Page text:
In the winter of 1636 the entirety of Dutch society went crazy over tulips. As prices rose, people got swept up in a speculative fever, spending a year’s salary on rare bulbs in hopes of reselling them for a profit. The most expensive tulip ever recorded in the manuscript data from public notaries of 17th century Haarlem, Nether- lands - the epicenter of the tulip trade - was 5000 guilders, the equivalent of around 2500CHF today and a price of a house at the time. When the tulip bubble suddenly burst in 1637, it wreaked havoc on the Dutch economy. The term ”tulipmania” has since been often used to describe the general cycle of a financial bub- ble: investors lose track of rational expectations and psychological biases lead to massive upswing in the price of an asset. Whether tulip buds or cryptocurrency similar cycles of speculation have destroyed house- holds, firms and economies.
Social art historians have characterised the transition from the guild system to the art market by identifying the historical point at which artists no longer worked for patrons but started producing artworks specula- tively, that is to say, making commodities for a market rather than making bespoke items for a patron. So what could be a better metaphor for a commodity in the art market than the image of the tulip?
Photography has a very specific utility and purpose in the commodities market. It depicts and idealises prod- ucts. It creates a world of perfection in service of the object. Jeremy Ayer’s “Organs of a Divided Labour-Tu- lips” series is part of a larger body of work that the artist has been working on for the past couple of years, where he dismantles the process of this idealisation.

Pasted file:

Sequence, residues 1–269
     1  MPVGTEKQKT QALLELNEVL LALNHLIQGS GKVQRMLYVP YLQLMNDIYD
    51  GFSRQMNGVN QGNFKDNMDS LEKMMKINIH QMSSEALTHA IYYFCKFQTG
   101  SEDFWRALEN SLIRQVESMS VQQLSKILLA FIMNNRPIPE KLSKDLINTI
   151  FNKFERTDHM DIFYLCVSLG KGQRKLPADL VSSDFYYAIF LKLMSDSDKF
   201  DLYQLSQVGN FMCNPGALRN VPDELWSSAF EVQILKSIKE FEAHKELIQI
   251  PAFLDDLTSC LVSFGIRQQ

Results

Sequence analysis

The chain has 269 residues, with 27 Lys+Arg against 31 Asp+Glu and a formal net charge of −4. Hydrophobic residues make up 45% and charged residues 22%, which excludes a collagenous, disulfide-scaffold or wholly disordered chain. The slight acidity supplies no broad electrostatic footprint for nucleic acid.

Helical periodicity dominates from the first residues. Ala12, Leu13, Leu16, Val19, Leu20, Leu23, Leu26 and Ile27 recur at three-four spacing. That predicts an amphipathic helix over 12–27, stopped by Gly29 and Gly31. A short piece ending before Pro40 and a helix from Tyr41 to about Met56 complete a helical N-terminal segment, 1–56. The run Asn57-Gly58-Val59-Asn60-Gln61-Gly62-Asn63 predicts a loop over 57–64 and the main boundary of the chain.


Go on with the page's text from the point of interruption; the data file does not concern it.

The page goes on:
On the example of a catalogue of tubes and fittings of a local Swiss retailer Kohler AG, filled with pages of product images in a very simple, emotionless, illustrative way, Ayer produces a series of images mimicking this industrial style of photography and at the same time creating an image vocabulary of his own. Triggered by an urge to get away from a type of photography that encourages semiotic lust and triggers signifiers, with the “Organs of a Divided Labour” series Jeremy Ayer uses a familiar image language to construct a specific type of imagery that steers away from these intentions. This observation leads to the question of duality of photography as a medium, being both an artistic and a commercial practice and questions the legitimacy of photography as an art form.
By implementing a carefully controlled process of documenting objects, first recreating the images of the tubes and fittings from the catalogue and then moving on to “cataloguing” flowers in a flower market, the artist investigates a speculative vocabulary, a dictionary for a system of commodities.
Through this technique, Ayer questions the idealisation of the object and deconstructs the process that goes into creating an image and an artwork that becomes part of the commodities market. In a recent interview, the artist describes this act of “...reperforming the task of a commercial photographer, inviting myself to take part in a chain of production” to be a political act, an act that directly questions the role of the artist in soci- ety. By thematising artistic production as labour, measured in the same hours and minutes as a banker or a factory worker, Jeremy Ayer’s practice addresses the relation between value production and artistic labour, anchoring the artist as part of the working force in a capitalist society.
Each image in the series depicts a flower. A flower as a product, an asset and a commodity; as an object that is both the result and an intrinsic part of a production line. A smaller part of a bigger whole. In this way, the title of the series “Organs of a Divided Labour” can be understood both literally and metaphorically, referring to a larger system that is fuelled and powered by smaller organs, much like a worker in a factory or an artist in the line of artistic production line.
Text by Kristina Grigorjeva